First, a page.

Mirror Mirror doesn't even deliver the sort of dazzling visuals I'd expect to see in a film with Tarsem's name on the marquee, at least not consistently. In stark contrast to the bright, colorful poster art, Mirror Mirror's palette tends to skew subdued and undersaturated. The cinematography is unusually flat. The digital effects rarely blend in convincingly with anything around them, and the sets look like...well, sets, so artificial that if the camera were to pan over another a foot and a half, you'd expect to see a stack of plywood and a grip munching on a cheese sandwich. What I'm getting at is that Mirror Mirror does everything in its power to prevent viewers from escaping into the world it's created. There are very few traces of that magic or awe that define the '80s fantasies that have so clearly inspired Mirror Mirror. I mean, the stop-motion-inspired animated flashback is a knockout. There's the most demented makeover this side of Brazil that got a couple good cackles out of me. A swordfight with oversized, dancing marionettes is easily the single best scene in the flick. Everything else, though...? Most of Mirror Mirror plays like a bunch of homages lazily stapled together rather than a proper film. It's too busy reminding you of far better movies you already know and love to stand all that well on its own.

Discover The Fall, if you haven't already. Dust Ella Enchanted off the shelf. Introduce the kids to Labyrinth or The Princess Bride. As much as I want to fawn all over Mirror Mirror, I think I'd leave this one in the glass coffin and live happily ever after with some other live-action fairy tale instead. Skip It.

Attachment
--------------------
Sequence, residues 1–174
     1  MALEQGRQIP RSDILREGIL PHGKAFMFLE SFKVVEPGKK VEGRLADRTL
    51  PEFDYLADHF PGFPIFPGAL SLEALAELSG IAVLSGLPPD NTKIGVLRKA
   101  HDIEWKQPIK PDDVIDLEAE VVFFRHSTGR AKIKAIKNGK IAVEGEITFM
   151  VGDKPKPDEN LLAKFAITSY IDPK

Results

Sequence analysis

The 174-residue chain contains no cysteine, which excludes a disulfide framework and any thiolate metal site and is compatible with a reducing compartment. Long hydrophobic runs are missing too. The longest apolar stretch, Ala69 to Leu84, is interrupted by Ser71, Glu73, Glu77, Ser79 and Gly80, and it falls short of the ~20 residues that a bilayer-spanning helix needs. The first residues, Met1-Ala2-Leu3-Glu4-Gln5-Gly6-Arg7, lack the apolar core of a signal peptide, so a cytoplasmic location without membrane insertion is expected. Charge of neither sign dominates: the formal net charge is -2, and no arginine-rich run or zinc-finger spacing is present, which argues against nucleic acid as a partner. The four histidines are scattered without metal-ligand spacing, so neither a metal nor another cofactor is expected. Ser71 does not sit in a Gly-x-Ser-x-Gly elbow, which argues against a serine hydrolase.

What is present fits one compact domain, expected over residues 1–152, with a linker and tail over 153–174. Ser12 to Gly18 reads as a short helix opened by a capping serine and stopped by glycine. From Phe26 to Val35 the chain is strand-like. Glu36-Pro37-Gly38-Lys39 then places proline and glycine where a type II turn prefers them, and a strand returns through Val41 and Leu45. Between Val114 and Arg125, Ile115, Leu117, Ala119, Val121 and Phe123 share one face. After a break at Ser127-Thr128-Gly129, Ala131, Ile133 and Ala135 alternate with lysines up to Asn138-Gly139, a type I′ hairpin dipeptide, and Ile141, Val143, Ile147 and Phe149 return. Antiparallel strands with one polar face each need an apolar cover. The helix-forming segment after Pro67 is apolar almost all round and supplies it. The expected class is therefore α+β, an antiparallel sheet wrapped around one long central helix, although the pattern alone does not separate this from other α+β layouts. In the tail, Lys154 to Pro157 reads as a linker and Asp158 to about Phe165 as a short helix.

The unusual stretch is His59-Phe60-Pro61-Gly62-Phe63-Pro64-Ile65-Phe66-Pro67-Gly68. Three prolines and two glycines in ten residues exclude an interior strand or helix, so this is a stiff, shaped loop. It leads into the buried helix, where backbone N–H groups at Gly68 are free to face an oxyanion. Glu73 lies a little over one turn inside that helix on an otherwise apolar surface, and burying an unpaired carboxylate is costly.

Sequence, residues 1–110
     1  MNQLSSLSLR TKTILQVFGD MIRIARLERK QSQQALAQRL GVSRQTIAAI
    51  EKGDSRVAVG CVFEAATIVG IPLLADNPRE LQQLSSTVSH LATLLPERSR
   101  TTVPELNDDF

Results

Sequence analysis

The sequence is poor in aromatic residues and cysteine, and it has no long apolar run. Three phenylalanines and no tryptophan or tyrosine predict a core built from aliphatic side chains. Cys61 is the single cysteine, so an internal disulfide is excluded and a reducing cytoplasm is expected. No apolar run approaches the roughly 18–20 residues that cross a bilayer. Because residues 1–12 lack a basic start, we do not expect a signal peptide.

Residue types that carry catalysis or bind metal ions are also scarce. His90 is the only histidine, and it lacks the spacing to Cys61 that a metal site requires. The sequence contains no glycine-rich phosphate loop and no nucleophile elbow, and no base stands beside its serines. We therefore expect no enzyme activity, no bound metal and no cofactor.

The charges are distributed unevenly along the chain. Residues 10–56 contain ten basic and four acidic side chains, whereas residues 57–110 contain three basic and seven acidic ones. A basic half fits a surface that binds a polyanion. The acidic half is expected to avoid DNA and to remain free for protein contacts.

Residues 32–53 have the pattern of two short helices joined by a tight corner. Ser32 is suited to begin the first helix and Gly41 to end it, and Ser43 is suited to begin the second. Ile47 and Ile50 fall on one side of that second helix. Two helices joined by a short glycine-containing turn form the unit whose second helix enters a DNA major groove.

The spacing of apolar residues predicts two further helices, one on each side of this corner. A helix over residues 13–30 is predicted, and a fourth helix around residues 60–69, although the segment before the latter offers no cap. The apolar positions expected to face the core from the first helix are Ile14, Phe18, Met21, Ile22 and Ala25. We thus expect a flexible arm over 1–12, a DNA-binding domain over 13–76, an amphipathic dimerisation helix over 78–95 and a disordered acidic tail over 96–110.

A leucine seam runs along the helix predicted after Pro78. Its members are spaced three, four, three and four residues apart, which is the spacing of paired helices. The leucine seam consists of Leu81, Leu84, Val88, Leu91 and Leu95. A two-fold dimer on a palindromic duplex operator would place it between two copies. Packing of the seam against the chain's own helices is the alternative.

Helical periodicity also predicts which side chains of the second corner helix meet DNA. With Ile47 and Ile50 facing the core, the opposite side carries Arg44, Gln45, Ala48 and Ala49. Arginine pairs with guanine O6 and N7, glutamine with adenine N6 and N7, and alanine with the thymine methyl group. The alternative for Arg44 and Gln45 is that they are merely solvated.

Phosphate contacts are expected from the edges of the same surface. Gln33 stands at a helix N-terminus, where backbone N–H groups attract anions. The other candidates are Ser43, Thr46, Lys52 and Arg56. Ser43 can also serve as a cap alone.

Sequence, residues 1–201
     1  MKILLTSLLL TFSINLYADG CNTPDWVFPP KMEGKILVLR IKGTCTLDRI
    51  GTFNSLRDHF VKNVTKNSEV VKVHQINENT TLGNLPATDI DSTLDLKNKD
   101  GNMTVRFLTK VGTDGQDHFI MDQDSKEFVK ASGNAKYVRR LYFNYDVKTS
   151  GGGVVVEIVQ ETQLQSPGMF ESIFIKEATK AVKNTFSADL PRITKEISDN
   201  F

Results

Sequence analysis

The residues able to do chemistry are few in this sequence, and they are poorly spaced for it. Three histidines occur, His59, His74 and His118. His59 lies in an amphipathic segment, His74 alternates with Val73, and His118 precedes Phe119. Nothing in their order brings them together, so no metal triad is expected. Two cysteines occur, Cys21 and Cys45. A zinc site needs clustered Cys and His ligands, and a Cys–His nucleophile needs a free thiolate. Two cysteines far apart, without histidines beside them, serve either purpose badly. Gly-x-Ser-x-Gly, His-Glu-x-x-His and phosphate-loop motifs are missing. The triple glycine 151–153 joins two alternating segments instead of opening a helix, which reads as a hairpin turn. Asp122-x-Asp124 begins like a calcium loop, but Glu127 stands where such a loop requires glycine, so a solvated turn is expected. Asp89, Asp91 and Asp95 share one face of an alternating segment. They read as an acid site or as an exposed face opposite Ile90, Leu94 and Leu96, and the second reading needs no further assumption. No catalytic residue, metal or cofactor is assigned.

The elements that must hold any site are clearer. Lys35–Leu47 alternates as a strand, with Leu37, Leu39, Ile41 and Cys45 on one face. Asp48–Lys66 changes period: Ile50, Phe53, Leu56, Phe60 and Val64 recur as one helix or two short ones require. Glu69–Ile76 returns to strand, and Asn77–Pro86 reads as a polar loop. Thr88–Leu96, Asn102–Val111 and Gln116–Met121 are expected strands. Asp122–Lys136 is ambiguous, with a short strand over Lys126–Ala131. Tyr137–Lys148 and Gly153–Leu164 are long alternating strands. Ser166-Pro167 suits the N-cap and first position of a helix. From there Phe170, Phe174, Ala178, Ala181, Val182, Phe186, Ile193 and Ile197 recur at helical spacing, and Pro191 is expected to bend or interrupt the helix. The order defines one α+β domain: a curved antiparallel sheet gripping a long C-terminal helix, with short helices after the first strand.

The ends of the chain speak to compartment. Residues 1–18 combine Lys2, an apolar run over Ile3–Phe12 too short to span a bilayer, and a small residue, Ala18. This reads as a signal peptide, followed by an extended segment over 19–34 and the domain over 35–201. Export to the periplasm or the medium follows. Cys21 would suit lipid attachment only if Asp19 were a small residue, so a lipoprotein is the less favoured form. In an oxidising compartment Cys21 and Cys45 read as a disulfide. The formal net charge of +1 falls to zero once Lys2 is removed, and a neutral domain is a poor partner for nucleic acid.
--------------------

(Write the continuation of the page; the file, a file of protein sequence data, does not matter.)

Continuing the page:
Video
Mirror Mirror is crisply rendered and wonderfully detailed, to the point where it kinda works against the movie, highlighting the seams in the visual effects and the distracting staginess of the sets. I'd have expected a film like this to be bright and candy-colored, but instead, the palette has most of the life sucked out of it, looking more like a faded, yellowing storybook than anything else. There are occasional bursts of color,
[click on the thumbnail to enlarge]
particularly some of the more vivid costumes throughout the third act, but otherwise, Mirror Mirror's hues are unusually subdued. The cinematography is also saddled with an overly digital look to it, and I can't help but think the warmth of film might've been a better fit here. I can't pretend to be all that much a fan of the look of Mirror Mirror, but I can say that its presentation on Blu-ray is technically flawless.

The high bitrate AVC encode for Mirror Mirror is given plenty of room to stretch out, spanning both layers of this BD-50 disc. The presentation is very lightly letterboxed to preserve Mirror Mirror's theatrical aspect ratio of 1.85:1.


Audio
Mirror Mirror is packing a lively and reasonably effective six-channel, 24-bit DTS-HD Master Audio soundtrack. The lower frequencies are tight and punchy, and there are plenty of effects bounding around in the surround channels. Bursts of magic and the sinister beast also have a tendency to skitter across the entire soundscape. The film's dialogue is balanced well in the mix, although there is some light clipping in a handful of more loudly shouted lines, something I'm not all that used to hearing out of shiny, new movies. That's a minor annoyance at worst, though, for whatever that's worth. Generally a very solid effort.